Health experts say more attention should be given to patients’ experiences after research found multiple examples of their insights being undervalued.
A study led by the University of Cambridge and King’s College London found clinicians ranked patient self-assessments as the least important when making diagnostic decisions.
Ethnicity and gender were felt to influence diagnosis, particularly a perception that women were more likely to be told their symptoms were psychosomatic. Male clinicians were more likely to say that patients overplay symptoms.
The findings prompted calls for clinicians to move away from the “doctor knows best attitude” when caring for patients.
One patient shared the feeling of being disbelieved as “degrading and dehumanising”, and added: “I’ll tell them my symptoms and they’ll tell me that symptom is wrong, or I can’t feel pain there, or in that way.”
The study was published in the journal Rheumatology. Researchers used neuropsychiatric lupus – an autoimmune disease that affects the brain, spinal cord or other nerves – to examine the values given by clinicians to 13 different types of evidence used in diagnoses. These included evidence such as brain scans, patient views, and the observations of family and friends.
Fewer than 4% of clinicians ranked patients’ self-assessments in the top three types of evidence. Clinicians ranked their own views highest, despite acknowledging they often were not confident in diagnoses involving often invisible symptoms, such as headaches, hallucinations, and depression.
Dr Melanie Sloan, from the department of public health and primary care at the University of Cambridge, who is the study’s lead author, said: “It’s incredibly important that we listen to and value patients’ insights and their own interpretations of their symptoms, particularly those with longstanding diseases – after all, they are the people that know what it is like to live with their condition.”
Almost half (46%) of the 676 patients reported never or rarely having been asked for their self-assessments of their disease, according to the study funded by the Lupus Trust and Lupus UK.
Others spoke of very positive experiences. Some clinicians, particularly psychiatrists and nurses, valued patient opinions highly.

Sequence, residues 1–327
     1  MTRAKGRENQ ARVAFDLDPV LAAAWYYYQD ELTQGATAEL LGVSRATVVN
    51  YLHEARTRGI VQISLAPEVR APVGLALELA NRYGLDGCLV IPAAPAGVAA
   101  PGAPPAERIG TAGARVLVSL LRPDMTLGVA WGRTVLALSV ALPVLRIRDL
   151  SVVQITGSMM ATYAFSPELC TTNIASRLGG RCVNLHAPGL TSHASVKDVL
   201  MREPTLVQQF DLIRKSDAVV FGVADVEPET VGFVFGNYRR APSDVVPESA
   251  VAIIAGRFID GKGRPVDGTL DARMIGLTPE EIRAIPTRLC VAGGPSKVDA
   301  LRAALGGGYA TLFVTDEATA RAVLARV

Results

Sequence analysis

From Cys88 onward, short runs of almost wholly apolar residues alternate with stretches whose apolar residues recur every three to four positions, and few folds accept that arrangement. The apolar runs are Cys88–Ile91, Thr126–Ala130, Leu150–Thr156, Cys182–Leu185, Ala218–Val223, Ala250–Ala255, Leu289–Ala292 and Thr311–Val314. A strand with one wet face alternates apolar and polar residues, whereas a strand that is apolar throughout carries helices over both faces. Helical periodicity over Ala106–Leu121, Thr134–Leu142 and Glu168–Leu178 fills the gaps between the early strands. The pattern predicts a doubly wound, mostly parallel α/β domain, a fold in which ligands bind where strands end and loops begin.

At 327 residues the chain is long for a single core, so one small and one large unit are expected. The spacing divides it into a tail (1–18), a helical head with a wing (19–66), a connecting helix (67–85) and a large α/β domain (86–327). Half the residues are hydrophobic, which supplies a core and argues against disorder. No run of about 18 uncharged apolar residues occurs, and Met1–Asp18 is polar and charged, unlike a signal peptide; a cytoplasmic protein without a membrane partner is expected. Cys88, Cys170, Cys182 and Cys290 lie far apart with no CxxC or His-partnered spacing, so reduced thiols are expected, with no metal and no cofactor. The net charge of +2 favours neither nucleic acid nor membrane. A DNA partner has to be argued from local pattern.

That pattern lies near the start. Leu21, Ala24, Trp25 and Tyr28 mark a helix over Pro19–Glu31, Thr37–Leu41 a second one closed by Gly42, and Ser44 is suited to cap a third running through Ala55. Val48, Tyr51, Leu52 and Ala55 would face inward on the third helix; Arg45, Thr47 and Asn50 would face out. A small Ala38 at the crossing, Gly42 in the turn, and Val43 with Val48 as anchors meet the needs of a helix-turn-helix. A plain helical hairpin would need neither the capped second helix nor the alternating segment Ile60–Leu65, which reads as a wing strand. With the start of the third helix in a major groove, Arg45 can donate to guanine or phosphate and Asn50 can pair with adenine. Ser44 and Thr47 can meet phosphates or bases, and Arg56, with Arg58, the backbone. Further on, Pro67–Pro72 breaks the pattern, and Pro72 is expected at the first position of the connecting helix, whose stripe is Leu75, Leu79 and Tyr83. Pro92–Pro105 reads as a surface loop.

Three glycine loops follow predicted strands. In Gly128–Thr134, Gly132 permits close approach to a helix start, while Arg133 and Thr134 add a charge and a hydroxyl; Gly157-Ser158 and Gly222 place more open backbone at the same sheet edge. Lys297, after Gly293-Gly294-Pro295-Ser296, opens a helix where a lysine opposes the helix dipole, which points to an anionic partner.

A psychiatrist from Wales said: “Patients often arrive in clinic having had multiple assessments, having researched their own condition to a very high level and having worked hard to understand what is going on with their own body … they are often expert diagnosticians in their own right.”
The researchers acknowledged that patient reasoning would be inaccurate at times, but concluded there were likely to be many potential benefits such as diagnostic accuracy, fewer misdiagnoses, and greater patient satisfaction if they included their insights into decisions about diagnosis.
Dr Tom Pollak, a senior author on the study from the Institute of Psychiatry, Psychology and Neuroscience, King’s College London, said: “No human being is always going to be able to accurately pinpoint the cause of symptoms, and patients and clinicians can both get this wrong.
“But combining and valuing both views, especially when the diagnostic tests aren’t advanced enough to always detect these diseases, may reduce misdiagnoses and improve clinician and patient relationships, which in turn leads to more trust and more openness in symptom reporting.”
Sue Farrington, co-chair of the Rare Autoimmune Rheumatic Disease Alliance, said: “It’s time to move on from the paternalistic, and often dangerous, ‘doctor knows best’ to a more equal relationship where the patients with lived experiences and the doctors with learned experiences work more collaboratively.”
Sarah Carter is a health and wellness expert residing in the UK. With a background in healthcare, she offers evidence-based advice on fitness, nutrition, and mental well-being, promoting healthier living for readers.